Throughout your pregnancy, there are a few things you can do to keep your finances on the right track.
☐ Review your health insurance.
Most major insurance plans will cover pregnancy and childbirth. 4 However, you can reach out to your health insurance provider or your employer’s HR department with a few specific questions to help understand exactly what will be covered under your plan:
What to ask your insurance during pregnancy:
- Is your current OB/GYN in your network?
- Is the hospital or birthing center where you plan to deliver in your network
- Are all prenatal appointments and tests covered?
- If your pregnancy will straddle two calendar years—for example, if you’re due in February—will you be responsible for any additional copays, deductibles or out-of-pocket maximums?
- After delivery, how many nights in the hospital will your insurance cover after a vaginal birth vs. a Cesarean birth?
- What will your estimated out-of-pocket expenses be? (Keep in mind this number can increase dramatically if you encounter any complications with your pregnancy or delivery.)
- What’s the process for adding your baby to your insurance plan? If you and your partner are each insured through your employers, whose plan should your baby be added to?
Last but not least, discuss your birth plan with your doctor. Your insurance may not cover certain services—such as a doula, a lactation consultant, or an out-of-network birthing center—so make sure you allow yourself enough time to start budgeting for any potential out-of-pocket expenses.
☐ Know your employee rights.
You may be wondering how your pregnancy might impact your job security and career mobility.
If you work for a company with more than 15 employees, the Pregnancy Discrimination Act (PDA) offers federal protection from pregnancy-based discrimination at work. You may also have the right to receive certain accommodations that allow you to do your current job safely while pregnant. You can learn more about your rights as an employee through the U.S. Equal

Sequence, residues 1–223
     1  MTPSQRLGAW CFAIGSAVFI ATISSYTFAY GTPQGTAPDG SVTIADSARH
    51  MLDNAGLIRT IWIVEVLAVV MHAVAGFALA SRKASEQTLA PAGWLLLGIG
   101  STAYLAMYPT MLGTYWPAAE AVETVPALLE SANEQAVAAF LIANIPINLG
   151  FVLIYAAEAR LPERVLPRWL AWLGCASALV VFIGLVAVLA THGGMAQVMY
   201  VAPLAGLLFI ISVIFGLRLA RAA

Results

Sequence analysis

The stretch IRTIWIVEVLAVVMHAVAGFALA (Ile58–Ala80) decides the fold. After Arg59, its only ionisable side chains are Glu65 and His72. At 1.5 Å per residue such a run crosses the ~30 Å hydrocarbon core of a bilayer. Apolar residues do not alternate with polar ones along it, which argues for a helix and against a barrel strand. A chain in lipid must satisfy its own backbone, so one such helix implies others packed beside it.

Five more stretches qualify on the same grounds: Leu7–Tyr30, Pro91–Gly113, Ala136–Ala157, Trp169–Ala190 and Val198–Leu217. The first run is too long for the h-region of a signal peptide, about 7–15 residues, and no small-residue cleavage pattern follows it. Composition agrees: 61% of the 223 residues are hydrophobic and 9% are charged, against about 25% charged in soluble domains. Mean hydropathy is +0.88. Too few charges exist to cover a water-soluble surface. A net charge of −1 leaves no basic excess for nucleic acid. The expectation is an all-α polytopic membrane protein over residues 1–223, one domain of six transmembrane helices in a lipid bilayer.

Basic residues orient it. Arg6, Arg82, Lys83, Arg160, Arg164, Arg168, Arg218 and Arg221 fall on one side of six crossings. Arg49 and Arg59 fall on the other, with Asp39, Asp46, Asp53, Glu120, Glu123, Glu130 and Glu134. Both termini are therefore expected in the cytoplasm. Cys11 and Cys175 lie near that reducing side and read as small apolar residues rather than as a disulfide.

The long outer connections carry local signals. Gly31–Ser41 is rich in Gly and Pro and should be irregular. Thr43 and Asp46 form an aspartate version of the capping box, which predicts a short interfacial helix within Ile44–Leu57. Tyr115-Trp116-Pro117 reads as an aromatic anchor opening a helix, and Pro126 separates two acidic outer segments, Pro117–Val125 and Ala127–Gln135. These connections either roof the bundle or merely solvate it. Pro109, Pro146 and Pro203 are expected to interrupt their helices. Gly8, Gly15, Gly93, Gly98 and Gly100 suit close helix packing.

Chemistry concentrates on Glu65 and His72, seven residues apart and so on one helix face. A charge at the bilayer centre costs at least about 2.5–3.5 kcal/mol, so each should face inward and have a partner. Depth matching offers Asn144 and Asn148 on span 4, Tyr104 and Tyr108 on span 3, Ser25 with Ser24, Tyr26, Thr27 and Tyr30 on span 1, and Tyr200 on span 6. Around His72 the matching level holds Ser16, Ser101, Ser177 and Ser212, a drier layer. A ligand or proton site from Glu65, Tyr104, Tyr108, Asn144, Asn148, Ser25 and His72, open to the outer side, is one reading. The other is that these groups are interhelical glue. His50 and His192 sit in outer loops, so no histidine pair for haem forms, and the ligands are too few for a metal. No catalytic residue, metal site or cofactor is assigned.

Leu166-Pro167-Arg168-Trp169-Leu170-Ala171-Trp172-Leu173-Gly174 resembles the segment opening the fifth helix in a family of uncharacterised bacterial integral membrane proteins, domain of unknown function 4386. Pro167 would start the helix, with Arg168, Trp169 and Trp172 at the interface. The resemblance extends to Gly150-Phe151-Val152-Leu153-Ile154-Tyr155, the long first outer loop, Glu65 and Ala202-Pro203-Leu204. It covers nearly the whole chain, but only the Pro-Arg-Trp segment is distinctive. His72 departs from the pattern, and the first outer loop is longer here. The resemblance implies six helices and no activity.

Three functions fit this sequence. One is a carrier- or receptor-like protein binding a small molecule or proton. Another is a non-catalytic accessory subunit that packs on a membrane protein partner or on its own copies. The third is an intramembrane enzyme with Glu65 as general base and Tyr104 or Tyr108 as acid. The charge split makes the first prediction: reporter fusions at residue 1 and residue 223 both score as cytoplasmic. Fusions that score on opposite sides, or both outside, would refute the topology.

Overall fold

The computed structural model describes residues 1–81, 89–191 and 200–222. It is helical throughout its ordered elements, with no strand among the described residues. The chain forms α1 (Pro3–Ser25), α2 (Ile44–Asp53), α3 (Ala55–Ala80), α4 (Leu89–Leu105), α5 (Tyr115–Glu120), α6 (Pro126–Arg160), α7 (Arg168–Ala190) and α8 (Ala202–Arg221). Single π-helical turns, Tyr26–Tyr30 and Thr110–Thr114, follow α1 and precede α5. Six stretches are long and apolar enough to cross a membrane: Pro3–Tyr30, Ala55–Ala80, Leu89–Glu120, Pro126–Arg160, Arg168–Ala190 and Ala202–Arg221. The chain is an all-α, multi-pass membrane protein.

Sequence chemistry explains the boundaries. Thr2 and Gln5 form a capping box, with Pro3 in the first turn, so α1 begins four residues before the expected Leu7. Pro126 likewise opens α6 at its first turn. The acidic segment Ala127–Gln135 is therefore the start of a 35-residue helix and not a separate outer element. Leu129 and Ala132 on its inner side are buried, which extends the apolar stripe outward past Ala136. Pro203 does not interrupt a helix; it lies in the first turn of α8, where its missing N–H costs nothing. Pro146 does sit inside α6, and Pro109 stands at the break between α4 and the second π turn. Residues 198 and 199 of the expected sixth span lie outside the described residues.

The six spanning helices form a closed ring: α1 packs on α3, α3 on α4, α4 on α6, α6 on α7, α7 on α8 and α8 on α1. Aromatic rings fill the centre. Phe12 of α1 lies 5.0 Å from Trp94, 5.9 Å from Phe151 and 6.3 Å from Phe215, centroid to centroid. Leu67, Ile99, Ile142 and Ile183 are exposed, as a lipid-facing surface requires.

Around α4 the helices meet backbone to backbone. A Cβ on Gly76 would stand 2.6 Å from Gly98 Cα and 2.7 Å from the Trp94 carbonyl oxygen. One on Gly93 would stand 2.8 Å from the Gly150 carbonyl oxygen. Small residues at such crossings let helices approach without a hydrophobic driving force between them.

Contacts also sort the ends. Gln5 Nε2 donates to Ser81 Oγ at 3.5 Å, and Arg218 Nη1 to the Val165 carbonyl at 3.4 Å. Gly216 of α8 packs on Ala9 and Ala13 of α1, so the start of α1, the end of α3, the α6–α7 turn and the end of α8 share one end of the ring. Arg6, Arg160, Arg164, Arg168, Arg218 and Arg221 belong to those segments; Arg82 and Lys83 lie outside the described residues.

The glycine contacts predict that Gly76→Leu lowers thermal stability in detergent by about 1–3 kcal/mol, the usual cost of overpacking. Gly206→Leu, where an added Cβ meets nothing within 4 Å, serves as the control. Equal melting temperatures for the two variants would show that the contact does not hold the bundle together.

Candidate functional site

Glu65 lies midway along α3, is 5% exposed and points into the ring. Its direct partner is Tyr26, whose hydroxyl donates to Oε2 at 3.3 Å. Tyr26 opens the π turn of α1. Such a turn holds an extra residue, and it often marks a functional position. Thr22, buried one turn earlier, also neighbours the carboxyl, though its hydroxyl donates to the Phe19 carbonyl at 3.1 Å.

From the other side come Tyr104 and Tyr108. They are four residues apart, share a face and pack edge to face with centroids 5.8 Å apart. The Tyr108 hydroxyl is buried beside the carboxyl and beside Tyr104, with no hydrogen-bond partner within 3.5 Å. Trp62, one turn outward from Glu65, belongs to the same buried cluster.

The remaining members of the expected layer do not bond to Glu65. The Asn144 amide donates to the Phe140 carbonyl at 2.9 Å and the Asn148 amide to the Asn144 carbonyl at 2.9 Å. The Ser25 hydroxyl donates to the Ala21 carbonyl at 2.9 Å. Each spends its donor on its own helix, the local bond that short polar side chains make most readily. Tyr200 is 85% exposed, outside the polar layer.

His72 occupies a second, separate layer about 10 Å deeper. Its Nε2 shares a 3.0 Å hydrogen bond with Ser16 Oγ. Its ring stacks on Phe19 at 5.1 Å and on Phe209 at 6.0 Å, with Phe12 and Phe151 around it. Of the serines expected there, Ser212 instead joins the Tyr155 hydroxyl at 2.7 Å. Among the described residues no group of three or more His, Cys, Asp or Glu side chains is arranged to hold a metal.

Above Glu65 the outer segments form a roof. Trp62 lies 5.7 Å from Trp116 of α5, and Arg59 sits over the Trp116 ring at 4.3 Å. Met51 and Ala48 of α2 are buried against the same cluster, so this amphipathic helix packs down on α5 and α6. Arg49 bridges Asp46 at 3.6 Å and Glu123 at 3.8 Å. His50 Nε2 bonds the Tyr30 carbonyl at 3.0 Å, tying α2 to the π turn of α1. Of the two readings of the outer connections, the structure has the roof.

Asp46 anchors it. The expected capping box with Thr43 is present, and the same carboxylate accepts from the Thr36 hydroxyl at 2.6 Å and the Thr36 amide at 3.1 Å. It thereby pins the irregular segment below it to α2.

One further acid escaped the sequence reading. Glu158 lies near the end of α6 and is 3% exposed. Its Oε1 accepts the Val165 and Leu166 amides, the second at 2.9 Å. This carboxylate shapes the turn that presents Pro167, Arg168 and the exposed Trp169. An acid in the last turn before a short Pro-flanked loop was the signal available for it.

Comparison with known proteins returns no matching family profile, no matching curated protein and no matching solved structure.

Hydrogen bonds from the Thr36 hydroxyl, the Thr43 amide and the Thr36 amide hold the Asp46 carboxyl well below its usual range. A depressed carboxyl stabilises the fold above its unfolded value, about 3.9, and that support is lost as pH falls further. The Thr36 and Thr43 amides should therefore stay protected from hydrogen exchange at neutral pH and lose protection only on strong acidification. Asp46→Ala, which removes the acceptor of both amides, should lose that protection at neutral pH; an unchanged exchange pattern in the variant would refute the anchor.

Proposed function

Employment Opportunity Commission.
If you decide to pursue a new career opportunity while pregnant, a prospective employer can’t refuse to hire you based on your pregnancy.5 You’re also not required to disclose your pregnancy during the interview process, though some may choose to do so as broaching the topic can help you establish trust and gauge how family-friendly the company is.
Offered a new job at a different company? Be sure to review your benefits package closely to make sure your current doctor will still be in network and you won’t have a gap in coverage.
☐ Plan your parental leave.
Meet with your employer to discuss when your leave will start, when you expect to return, and whether any portion of your leave will be paid.
Your parental leave may be protected by federal or state law:
The Family and Medical Leave Act (FMLA) requires companies with 50 or more employees to provide 12 weeks of unpaid leave for medical reasons, including childbirth. Find out if FMLA applies to you.
- Certain states mandate paid family and medical leave. Find out if your state is one of them.
Even if it isn’t mandated by your state, you may be able to negotiate with your employer for paid leave. The Skimm created an email template you can use to start the conversation.
You may also be able to get a portion of your leave paid by applying sick days and vacation days or using short-term disability insurance.
If your leave will be unpaid, revisit your budget with your partner. Calculate how much money you’ll need to cover expenses for the duration of your leave, and brainstorm ways to reduce your expenses.
Bottom line: While money matters can be stressful, financial wellbeing is an important part of pregnancy self-care— ust like healthy eating and prenatal vitamins. Taking steps to secure your financial footing now will set you up for a smooth transition into motherhood later.
Join the conversation. Get loud about the #motherhoodgap on social and join our mission of making parenthood a more equitable experience for moms. Read next—let's normalize the journey of motherhood, together.
1 Kaiser Family Foundation; Women who Give Birth Incur Nearly $19,000 in Additional Health
2 U.S. Department of Agriculture: Official USDA Thrifty Food Plan Costs, Including $2,854 More that They Pay Out of Pocket; Jul 2022
3 IVF Warrior: Financing Fertility Treatments
4 Healthcare.gov: Health coverage if you're pregnant, plan to get pregnant, or recently gave birth
5 U.S. Equal Employment Opportunity Commission: Facts About Pregnancy Discrimination
This article is for informational purposes only. It is not, nor is it intended to be, a substitute for professional medical advice, diagnosis, or treatment and we recommend that you always consult with your healthcare provider. To the extent that this article features the advice of physicians or medical practitioners, the views expressed are the views of the cited expert and do not necessarily represent the views of Perelel.